Wiring your own... (mumble)... transformers

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Well, this is the situation: i need a 18-0-18v 400 (at least) VA transformer for my dual '96 JLH. This is not a "standart" voltage, so it has to be custom built. After some averiaguations, it's arround $40-$50 for an E-I. Double that for a toroidal..

Now, my dad asked "100 bucks? Why don't you just build your own? We made our own transformers all the time in University"... good question :rolleyes: The maths behind the turns are not complicated, but, in practice, has anyone tried this out? I'd like a toroidal; it's a bit messy to work with, but since we're talking a few hundred turns i can live with that. E-I is out of the question; eddy currents are not easy to be made small enough on homemade transformers... or not?

So... Comments? Links? Prices? Thanks in advice!
So get your Dad to wind them...
Okay, maybe not.
There have been several threads on this. Do a search and see if you can scratch up some basic info. I think there were links to sites with info. However, I think your basic problem is going to be finding cores, whether EI or toroid. Once upon a time, they were more available...nowadays, they're scarce.
One option is to take a transformer of known VA, strip the secondary (leaving the primary) and rewind an entirely new secondary. Keep a count of the turns you remove so as to be able to calculate the turns you'll need to get the right voltage. The current rating, of course, will depend on the gauge of the wire you use. I've done this. It works well, but is tedious.
Another possibility is to take surplus transformers that have a slightly higher voltage (say, 20V) and simply remove a couple of turns.

GRollins said:
So get your Dad to wind them...
Okay, maybe not.


He'd be happy to supply me with literature on the subject, but i beleive that's about it :D

Today i'll storm the local transformer winding shops and see what i can find... the idea on the old transformer is good, specially if the VA ratings are met. I'll see what i come up with... my idea was to spend $20-30 for a ring core and the wire.

So, besides doing the maths well, picking a suitable wire & core, keep the turns tidy and covering as much as the core as posible, is there anything i should be aware of?
I've just rewound a 500VA toroid. This was
originally 25-0-25V, but I wanted 35-0-35V plus a
low-current 45-0-45V winding.

It's a perfectly straightforward job, but it does
take forever to get twenty metres of 1.6mm wire
off the core and then wind nearly thirty metres
back on (and then 35 metres of the thinner stuff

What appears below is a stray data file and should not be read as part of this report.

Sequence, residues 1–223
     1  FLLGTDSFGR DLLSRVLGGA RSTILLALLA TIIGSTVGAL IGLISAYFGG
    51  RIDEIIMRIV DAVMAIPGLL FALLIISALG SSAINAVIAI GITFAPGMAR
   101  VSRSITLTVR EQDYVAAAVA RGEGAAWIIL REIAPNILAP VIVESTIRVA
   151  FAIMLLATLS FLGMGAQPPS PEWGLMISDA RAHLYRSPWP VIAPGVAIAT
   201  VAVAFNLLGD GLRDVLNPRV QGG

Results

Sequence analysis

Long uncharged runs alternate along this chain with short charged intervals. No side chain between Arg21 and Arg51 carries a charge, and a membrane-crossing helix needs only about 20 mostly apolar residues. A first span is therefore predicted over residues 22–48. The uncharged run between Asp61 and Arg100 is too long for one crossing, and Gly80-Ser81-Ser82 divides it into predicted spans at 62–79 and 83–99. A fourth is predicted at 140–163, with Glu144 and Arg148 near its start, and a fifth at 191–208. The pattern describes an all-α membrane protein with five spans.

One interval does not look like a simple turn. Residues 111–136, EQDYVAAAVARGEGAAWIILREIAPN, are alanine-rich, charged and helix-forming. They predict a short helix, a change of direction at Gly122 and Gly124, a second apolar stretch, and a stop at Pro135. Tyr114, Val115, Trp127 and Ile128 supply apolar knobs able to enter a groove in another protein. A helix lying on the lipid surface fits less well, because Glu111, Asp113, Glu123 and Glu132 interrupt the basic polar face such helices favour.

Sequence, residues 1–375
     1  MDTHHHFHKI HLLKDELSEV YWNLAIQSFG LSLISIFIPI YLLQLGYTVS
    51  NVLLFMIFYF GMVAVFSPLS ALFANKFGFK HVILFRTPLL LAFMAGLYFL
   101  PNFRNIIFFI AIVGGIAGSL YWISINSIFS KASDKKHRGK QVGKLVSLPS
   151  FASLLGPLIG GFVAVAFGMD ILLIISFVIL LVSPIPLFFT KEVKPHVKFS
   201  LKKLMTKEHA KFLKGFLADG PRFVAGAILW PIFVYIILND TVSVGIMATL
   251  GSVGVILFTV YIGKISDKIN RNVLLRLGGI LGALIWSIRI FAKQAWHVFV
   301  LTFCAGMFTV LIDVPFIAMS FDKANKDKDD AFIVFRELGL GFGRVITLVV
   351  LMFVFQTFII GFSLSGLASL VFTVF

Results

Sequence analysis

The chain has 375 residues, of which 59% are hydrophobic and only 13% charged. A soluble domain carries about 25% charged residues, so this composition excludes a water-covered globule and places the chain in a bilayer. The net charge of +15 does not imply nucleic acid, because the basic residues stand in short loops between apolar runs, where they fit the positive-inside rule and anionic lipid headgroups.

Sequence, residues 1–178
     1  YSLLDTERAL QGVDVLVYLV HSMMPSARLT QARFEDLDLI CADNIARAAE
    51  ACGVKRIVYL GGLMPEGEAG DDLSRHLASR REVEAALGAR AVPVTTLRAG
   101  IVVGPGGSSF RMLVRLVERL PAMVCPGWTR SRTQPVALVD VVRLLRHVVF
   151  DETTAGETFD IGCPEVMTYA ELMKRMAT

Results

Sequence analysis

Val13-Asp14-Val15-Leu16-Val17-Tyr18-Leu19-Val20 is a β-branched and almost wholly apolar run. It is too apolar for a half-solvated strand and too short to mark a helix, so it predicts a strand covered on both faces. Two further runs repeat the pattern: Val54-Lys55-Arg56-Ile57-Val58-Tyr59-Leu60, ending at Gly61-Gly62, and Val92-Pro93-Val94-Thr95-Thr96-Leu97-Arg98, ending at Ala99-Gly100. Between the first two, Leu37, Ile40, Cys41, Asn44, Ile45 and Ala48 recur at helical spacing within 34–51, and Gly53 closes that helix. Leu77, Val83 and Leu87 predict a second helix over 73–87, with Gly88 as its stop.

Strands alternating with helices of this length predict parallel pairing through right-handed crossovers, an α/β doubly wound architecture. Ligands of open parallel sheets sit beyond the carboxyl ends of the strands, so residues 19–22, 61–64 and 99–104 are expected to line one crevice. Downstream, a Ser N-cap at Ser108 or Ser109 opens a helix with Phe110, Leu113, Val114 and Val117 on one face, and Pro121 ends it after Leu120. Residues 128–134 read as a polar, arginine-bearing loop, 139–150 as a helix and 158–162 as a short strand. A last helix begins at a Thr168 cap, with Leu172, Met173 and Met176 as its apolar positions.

on top). It's also a real pain to get the turns
tight and tidy, especially with the thicker wire.

cp642, what does the Ruff tool do?

GRollins said:
Local transformer winding shops?
Wish I had a few of those.
Nah, sounds like you've pretty much got it covered. Just take it slowly and do a good, clean job. You'll be fine.

Well... yes. I just picked up the phonebook and got several adresses and emails. You give them the ratings, they make it: from small signal transformers to mounstrous industriall stuff. Scary :D

Anyway, best quotes i had were $40 for an E-I and $80 for toroidal. Still had no luck finding cores and separate parts... BUT, i do have an old bulky E-I with the secondary shorted. I'll take some measurments too see if the core can take the VA rating and perhaps i'll work with that one.

Again, thanks a lot for the feedback!
Last time I ordered from Plintron I bought a custom 750 VA dual 45V secondaries with integra thermal switch (I hate smoke). Delivered, this was around $75 US. Plintron is in Canada by the way, not USA.

The 400 VA transformers are a lot cheaper than the 750 VA.


Hi friends,
I had a toroidal transformer of 18-0-18 and i rewinded it to 25-0-25 successfully.Now i wanna rewind a 0-55/8Ampere transformer to get 30-0-30. The secondary of the transformer has got two wires running in parallel instead of a single wire. What should i do to get 30-0-30 .
hope someone would help me,
If you want a toroid that is not a "standard" voltage out, simply buy one that is rated for the next lower, "standard", voltage out and add a few turns of wire to the secondary. There's no point in unwinding what's already there when all you have to do is add a few more turns.

The same technique can be used to lower the voltage of an existing transformer- just wind the extra turns in the opposite direction. The voltage across the "new" winding will subtract from the original winding voltage. Use wire of a gauge that is appropriate for the output current.

If you need an extra winding to get some power for some other circuits, or a cooling fan, or whatever, just add another winding yourself. Low voltage windings don't require much wire or time. Don't know the turns/volt ratio of the transformer? Wind 10 turns around the core, measure the voltage, and divide by 10.

It's easy, cheap (because you can use a surplus transformer), and it works. What more could you ask for?

When you buy surplus toroids, be sure the center is not potted!

OK, we have a general idea of what it would take to wind a Toroid, but what about details..............

*If you do get a toroid core, what gauge would be recommended for primary and secondary for 400VA, or 800VA

Also, where could you get empty, large toroid cores and be sure they can be wound for 60hz 120V operation? Any websites sell empty toroids?
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